When the writers at the Chicago Sun-Times reviewed the 2013 season, they broke it down into categories. Most Valuable Player (Adam L. Jahns – Josh McCown, Patrick Finley – Matt Forte, Mark Potash – Brandon Marshall), Biggest surprise (Janhs – rookie offensive linemen, Finley – health of the offense, Potash – McCown), etc… But no one, when addressing Biggest Disappointment, mentioned mine. The fact that linebacker Lance Briggs snuck out of the locker room after both the loss to the Philedelphia Eagles and the loss to the Green Bay Packers at the end of the season without saying a word, leaving players like rookie linebacker Jonathan Bostic to explain the loss.
Never have a been so disappointed at such a lack of discipline, a lack of guts and courage in my life.
I’ve been asking myself why Briggs acted this way for two weeks now. I haven’t come up with a good answer but I think this morning’s article by Janhs addressing the fact that not everyone bought into the coaching change at the end of the 2012 season gives a clue:
“As much as [head coach Marc] Trestman tried, whether it was reorganizing the locker room or his life-lessons approach to football, it always was on the players to get on board with his new way of life at Halas Hall after he replaced longtime coach Lovie Smith, who was beloved by many Bears players who were held over.
In the end, some players may have never been able to adjust and find contentment in all the changes going on. It was the first story of training camp when quarterback Jay Cutler said, ‘Not everybody’s bought in,’ and remains one at season’s end.”
It’s just guess work. But if you’re thinking that Cutler and others are talking about Briggs, I’d say you’re on the right track. The combination of the coaching change and Brian Urlacher’s abandonment of the team as he pridefully turned down a contract worth double his value on the open market probably hurt Briggs more than most. And then he had what can only be termed a disappointing season where his physical hurts were added. To call the situation unhealthy in all aspects would probably not be an understatement.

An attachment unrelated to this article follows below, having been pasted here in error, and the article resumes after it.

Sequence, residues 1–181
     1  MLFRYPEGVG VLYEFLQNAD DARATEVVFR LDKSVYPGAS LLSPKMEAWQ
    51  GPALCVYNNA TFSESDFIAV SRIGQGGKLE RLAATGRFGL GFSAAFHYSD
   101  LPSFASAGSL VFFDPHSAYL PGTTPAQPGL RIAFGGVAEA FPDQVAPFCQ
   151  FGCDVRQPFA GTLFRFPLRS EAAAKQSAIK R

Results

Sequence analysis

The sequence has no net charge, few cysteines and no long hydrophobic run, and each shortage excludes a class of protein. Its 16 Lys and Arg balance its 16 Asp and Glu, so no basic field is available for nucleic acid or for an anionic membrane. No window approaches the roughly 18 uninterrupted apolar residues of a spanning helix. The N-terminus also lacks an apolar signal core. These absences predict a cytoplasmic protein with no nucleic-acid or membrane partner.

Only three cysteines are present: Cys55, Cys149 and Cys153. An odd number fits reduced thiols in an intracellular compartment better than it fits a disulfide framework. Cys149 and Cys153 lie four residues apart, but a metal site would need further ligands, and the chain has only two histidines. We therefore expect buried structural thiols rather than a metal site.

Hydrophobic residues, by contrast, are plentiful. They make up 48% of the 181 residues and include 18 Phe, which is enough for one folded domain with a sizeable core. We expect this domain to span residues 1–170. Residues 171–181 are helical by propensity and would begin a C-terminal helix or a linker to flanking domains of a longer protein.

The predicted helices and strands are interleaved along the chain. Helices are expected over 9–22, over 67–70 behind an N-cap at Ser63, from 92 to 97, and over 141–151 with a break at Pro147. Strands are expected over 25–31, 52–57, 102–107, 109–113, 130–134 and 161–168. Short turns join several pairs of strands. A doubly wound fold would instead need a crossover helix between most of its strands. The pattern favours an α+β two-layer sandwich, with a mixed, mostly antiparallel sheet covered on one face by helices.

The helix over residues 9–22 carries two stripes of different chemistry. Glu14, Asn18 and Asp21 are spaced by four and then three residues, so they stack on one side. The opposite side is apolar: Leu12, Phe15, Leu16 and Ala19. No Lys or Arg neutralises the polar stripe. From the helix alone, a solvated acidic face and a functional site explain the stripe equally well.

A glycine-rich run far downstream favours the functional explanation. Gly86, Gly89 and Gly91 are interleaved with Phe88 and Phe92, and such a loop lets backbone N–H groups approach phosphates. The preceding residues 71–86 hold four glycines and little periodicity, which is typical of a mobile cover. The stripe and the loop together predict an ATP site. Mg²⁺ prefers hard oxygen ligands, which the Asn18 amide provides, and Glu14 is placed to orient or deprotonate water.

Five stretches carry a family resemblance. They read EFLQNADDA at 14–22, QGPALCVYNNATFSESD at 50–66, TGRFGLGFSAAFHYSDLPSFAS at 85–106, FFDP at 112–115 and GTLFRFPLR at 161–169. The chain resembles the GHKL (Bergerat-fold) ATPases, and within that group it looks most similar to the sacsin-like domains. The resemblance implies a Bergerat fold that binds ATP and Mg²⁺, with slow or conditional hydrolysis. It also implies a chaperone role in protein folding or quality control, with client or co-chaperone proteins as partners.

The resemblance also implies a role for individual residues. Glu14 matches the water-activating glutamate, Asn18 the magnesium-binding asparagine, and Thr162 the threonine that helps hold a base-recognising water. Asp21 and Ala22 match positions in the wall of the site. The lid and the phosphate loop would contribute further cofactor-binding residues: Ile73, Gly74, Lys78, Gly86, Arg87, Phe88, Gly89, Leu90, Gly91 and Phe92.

Many theories have been proposed about what was lacking in 2013 and what needs to be done to fix it (including my own). But to my knowledge, no one mentioned the lack of veteran leadership. Virtually every veteran from past Bears defenses who could have provided such was on the sidelines injured. Julius Peppers was, perhaps, the only one of note to stay healthy but he’s never been very vocal.
To Briggs’s credit, unlike players like Henry Melton, he was on the sidelines trying his best to help the defense along while injured. But as, the saying goes, fortune does not change men. It unmasks them. Briggs let the team down when it counted off the field. And that means that, perhaps, he’s not the leader that they need. At least he’s not acting like it.
Jahns hits upon an ominous note about the off-season near the end of his article:
“Rooting out dissent and determining players commitment to the Bears’ new approach will be as important as signing the best, most capable players.”
Will Briggs be rooted out? That would be a shame.
Winston Churchill once said, “A fanatic is one who can’t change his mind and won’t change the subject.” It’s been a full year now and Smith is long gone. Briggs may not have agreed with the direction the organization took and he probably never will. But it’s time to move on to solving the problems at hand.